As you may have guessed, a bug tracker (also known as an issue or defect tracker ) is an application that allows project staff to keep track of not only bugs, but also requests , enhancements, and whatever else circulates throughout the project. In this respect, a bug tracker is very different than a mailing list; every issue is typically tracked from submission to resolution.

Here is an overview of the typical defect tracking process. When a defect is found, a tester records the bug into the tracker, along with any necessary steps to reproduce the problem. At this point, a project manager gets involved to determine whether the defect is valid and, if so, assigns responsibility to a single developer or a staff of developers. The developer is then responsible for fixing the problem and notifying the project manager, who will then certify the resolution and close out the issue.

A plethora of commercial and open source bug tracking applications are available, most of which have very similar functionality and interfaces. This section looks at one system, Bugzilla, which is used by Fedora, as well as the KDE and GNOME projects. Go ahead and look at a random bug submitted against the Fedora Core 2 test 2 release, so you have a better understanding of what a typical bug report looks like. Go to the following: 

As you can see, a typical bug report contains a lot of valuable information, including the hardware platform and the product, version, and component where the user experienced the problem, as well as all of the problem details.

Try It Out Filing a Bug Report

  1. Perhaps you are experiencing crashes when exiting from the Evolution e-mail client on Fedora Core 2 release. Before you file a new bug report, go to .

    Use the form you find at this URL to search for possible bug reports that are similar in scope to the problem you are experiencing.

    Because you cannot find any bugs that are similar in scope to your problem, continue on to the next step to create a Bugzilla account, from which you can file a bug report.

  2. Create a Bugzilla account by going to .

    All you need to do is enter your name and a legitimate e-mail address. Bugzilla creates an account and sends a randomly generated password via e-mail.

  3. After you have the necessary Bugzilla authentication credentials, you can log in to the bug tracker. Once there, proceed to the product selection page to start the bug submission process: .

    Select Fedora Core from the component menu on the left-hand side, and then click the Submit button at the bottom of the page to continue to the next step.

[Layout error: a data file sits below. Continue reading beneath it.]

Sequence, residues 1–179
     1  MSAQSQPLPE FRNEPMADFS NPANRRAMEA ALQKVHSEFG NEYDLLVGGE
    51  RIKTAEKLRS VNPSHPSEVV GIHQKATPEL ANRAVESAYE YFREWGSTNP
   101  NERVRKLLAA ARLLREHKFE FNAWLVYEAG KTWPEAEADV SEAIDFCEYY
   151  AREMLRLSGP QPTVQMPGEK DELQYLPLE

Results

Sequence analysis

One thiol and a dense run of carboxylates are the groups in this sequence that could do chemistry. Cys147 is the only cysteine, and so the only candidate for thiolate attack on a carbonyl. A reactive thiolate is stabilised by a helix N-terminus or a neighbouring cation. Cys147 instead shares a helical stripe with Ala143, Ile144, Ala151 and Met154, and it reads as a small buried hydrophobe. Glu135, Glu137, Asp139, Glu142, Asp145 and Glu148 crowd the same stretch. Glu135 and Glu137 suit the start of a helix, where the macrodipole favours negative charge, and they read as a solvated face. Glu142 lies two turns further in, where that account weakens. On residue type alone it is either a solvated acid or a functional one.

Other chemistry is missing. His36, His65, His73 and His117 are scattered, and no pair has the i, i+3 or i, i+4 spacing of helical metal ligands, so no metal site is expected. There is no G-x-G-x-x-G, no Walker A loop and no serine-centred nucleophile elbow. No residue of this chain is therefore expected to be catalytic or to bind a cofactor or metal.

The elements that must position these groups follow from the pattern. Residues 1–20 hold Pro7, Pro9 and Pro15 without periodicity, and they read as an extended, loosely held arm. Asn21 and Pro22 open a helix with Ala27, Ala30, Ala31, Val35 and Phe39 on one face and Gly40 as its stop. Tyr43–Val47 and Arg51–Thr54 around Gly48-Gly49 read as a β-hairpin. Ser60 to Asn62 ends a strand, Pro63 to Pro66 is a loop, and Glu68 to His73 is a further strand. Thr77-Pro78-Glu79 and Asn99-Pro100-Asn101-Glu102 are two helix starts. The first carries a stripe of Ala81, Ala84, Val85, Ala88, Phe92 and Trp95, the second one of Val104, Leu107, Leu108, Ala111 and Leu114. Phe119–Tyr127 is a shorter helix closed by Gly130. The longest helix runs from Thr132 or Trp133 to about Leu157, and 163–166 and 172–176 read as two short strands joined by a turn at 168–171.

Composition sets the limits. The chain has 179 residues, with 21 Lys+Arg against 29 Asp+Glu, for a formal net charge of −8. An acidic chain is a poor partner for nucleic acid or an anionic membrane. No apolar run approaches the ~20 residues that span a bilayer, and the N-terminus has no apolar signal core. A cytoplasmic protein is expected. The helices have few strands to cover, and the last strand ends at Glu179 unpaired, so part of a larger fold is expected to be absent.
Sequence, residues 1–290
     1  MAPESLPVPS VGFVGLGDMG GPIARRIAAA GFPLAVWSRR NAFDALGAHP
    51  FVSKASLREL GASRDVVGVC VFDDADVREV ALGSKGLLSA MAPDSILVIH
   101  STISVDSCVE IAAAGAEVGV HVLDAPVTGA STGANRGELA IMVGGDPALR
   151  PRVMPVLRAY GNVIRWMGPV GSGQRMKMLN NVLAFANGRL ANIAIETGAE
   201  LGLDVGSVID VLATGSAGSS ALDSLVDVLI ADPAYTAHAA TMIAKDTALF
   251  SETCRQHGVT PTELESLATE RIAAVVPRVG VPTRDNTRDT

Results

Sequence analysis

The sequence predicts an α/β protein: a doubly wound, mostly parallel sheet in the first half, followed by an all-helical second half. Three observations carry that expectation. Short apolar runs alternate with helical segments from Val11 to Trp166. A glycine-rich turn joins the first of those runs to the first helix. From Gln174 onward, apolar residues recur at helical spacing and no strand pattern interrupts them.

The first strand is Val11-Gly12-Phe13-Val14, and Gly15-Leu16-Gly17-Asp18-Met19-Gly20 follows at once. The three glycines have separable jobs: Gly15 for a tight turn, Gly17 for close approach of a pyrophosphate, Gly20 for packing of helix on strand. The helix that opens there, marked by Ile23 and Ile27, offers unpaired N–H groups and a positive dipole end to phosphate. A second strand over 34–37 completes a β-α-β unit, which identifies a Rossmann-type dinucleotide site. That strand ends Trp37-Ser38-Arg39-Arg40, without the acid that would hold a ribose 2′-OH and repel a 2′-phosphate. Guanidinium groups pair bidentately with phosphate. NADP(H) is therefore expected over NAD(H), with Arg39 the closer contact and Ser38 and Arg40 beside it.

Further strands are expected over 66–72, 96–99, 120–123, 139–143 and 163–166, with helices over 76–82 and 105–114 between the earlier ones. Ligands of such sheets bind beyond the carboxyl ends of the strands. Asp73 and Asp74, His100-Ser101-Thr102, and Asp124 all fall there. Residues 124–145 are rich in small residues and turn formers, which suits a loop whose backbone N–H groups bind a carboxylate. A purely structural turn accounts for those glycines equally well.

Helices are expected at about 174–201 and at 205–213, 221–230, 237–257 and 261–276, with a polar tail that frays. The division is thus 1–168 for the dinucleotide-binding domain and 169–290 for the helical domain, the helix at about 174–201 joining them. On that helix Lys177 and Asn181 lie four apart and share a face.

4. You need to select a component. Luckily, the evolution component is easily found. However, in cases where you cannot find the component that matches your application, you can use the rpm command, with the -qif switches, to determine the associated component, like so:

       # rpm -qif /usr/bin/evolution  grep 'Source RPM'   Group: Applications/Productivity     Source RPM: evolution-1.5.3-1.src.rpm 

    The component name is the string noted by Source RPM without the version information.

  5. Now, choose the version and platform. Go ahead and select test1 as the Fedora version and your hardware as the architecture ”typically i386 , i586 , i686 , or athlon . Then, press the Submit button to enter the bug description.

  6. Enter the summary, version release, description, reproducibility , steps to reproduce, and the severity level for the bug. The following table provides an example.




    Evolution client crashes on exit

    Version Release



    Evolution client crashes every time on exit with error 2


    Every time

    Steps to Reproduce

    1) Launch the evolution client, and 2) try to exit from the application

    Severity Level

    High: crashes, loss of data, severe memory leak

  7. Click the Open Bugzilla Entry Form button and then the Commit button on the ensuing page to submit the bug report. As the Fedora developers investigate your bug and change the status of the bug from NEW to VERIFIED to ASSIGNED, and then, one hopes, to RESOLVED and CLOSED, you will receive e-mail messages from Bugzilla. You can then log in and see more information about the progress of the bug.

To recap, bug tracking applications allow project staff to quickly understand and analyze the state of the development process because they can track the issues that have been raised, the components or subsystems that are involved, the severity level of the issues, and how the issues have been resolved. If you are interested in setting up your very own bug tracker, take a look at the Request Tracker application, which is covered in Chapter 15.

Now that you know a bit about the Fedora development process, the next section covers source code control and the concept of code repositories, so you can actually take a look at the code behind the Fedora Core operating system.

Beginning Fedora 2
Beginning Fedora 2
ISBN: 0764569961
EAN: 2147483647
Year: 2006
Pages: 170 © 2008-2017.